Shock Waves Printer Friendly Version
The one-shaped shock wave produced by a supersonic aircraft is actually the result of overlapping spherical waves of sound, as indicated by the overlapping circles in this physlet animation. Sketches a, b, c, d, and e, below show an "animated" growth of only one of the many spherical sound waves (shown as an expanding circle in the two-dimensional sketch). The circle originates when the aircraft is in the position shown in a. Sketch b shows both the growth of the circle and position of the aircraft at a later time. Still later times are shown in c, d, and e. Note that the circle grows and the aircraft moves farther to the right. Note also that the aircraft is moving farther than the sound wave. This is because the aircraft is moving faster than sound.

Careful examination will reveal how fast the aircraft is moving compared to the speed of sound. Sketch e shows that in the same time the sound travels from 0 to A, the aircraft has traveled from 0 to B, twice as far. You can check this with a ruler.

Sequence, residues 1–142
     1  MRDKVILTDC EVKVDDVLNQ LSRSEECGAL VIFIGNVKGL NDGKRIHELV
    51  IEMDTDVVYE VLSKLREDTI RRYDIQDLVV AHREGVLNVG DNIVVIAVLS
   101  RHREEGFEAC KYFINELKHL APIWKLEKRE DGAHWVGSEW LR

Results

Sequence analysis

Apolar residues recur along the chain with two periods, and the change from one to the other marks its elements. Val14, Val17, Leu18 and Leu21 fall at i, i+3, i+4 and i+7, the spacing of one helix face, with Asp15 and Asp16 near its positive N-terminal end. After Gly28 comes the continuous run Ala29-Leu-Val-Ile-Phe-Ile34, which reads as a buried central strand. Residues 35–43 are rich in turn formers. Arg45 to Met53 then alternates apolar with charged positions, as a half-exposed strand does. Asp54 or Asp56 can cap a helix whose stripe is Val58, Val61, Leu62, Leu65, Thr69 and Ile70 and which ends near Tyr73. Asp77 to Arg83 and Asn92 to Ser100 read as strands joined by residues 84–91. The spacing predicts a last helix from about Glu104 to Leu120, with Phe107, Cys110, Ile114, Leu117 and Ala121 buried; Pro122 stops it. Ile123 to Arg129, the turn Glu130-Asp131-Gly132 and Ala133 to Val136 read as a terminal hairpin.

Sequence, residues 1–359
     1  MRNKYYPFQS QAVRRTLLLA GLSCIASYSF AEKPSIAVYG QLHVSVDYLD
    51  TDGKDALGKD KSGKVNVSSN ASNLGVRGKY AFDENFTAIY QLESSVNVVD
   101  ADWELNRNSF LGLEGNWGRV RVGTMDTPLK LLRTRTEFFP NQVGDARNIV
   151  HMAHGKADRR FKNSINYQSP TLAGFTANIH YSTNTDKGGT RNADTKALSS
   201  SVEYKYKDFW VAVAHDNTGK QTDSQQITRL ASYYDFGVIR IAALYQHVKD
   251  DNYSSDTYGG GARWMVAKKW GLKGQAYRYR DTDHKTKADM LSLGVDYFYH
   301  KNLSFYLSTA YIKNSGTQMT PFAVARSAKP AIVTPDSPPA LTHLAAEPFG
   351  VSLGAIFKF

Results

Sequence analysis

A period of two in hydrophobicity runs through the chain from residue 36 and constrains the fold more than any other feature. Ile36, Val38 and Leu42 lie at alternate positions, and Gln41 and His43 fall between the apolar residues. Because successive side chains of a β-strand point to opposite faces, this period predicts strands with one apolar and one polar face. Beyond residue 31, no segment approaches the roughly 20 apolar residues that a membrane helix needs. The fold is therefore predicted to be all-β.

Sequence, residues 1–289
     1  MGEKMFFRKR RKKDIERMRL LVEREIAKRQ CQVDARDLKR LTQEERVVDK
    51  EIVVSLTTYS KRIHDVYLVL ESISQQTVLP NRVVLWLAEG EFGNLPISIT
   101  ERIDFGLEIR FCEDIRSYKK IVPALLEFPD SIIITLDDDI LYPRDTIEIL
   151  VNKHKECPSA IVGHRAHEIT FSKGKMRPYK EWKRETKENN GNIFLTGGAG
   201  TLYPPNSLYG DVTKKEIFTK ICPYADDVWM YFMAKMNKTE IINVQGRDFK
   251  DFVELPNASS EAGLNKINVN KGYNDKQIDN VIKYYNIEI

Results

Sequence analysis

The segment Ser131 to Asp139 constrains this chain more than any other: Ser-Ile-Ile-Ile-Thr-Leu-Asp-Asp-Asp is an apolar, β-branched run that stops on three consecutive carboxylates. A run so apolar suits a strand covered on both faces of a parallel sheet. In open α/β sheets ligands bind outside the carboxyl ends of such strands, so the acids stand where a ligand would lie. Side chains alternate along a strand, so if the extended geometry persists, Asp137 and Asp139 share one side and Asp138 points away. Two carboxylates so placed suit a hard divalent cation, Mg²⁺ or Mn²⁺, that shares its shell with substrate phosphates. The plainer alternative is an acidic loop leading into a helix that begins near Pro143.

1. Inspect sketches b and d. Has the aircraft traveled twice as far as sound in the same time in these positions also?
2. For greater speeds, the angle of the shock wave would be
Refer to the following information for the next two questions.

3. Use a ruler to estimate the speeds of the aircraft that produce the shock waves in the two sketches below.
 Aircraft 3a is traveling about ____ times the speed of sound.

 Aircraft 3b is traveling about ____ times the speed of sound.

4. Draw your own circle (anywhere) and estimate the speed of the aircraft to produce the shock wave shown below.

 The speed is about ____ times the speed of sound.